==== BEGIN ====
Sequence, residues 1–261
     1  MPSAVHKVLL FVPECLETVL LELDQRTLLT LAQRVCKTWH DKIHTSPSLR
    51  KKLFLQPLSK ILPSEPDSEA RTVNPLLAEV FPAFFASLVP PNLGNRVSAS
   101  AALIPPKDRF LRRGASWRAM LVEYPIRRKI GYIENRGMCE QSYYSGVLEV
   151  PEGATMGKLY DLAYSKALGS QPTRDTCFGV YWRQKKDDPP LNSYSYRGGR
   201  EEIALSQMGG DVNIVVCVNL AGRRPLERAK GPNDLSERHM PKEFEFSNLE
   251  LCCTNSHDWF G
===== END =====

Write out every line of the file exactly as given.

Sequence, residues 1–261
     1  MPSAVHKVLL FVPECLETVL LELDQRTLLT LAQRVCKTWH DKIHTSPSLR
    51  KKLFLQPLSK ILPSEPDSEA RTVNPLLAEV FPAFFASLVP PNLGNRVSAS
   101  AALIPPKDRF LRRGASWRAM LVEYPIRRKI GYIENRGMCE QSYYSGVLEV
   151  PEGATMGKLY DLAYSKALGS QPTRDTCFGV YWRQKKDDPP LNSYSYRGGR
   201  EEIALSQMGG DVNIVVCVNL AGRRPLERAK GPNDLSERHM PKEFEFSNLE
   251  LCCTNSHDWF G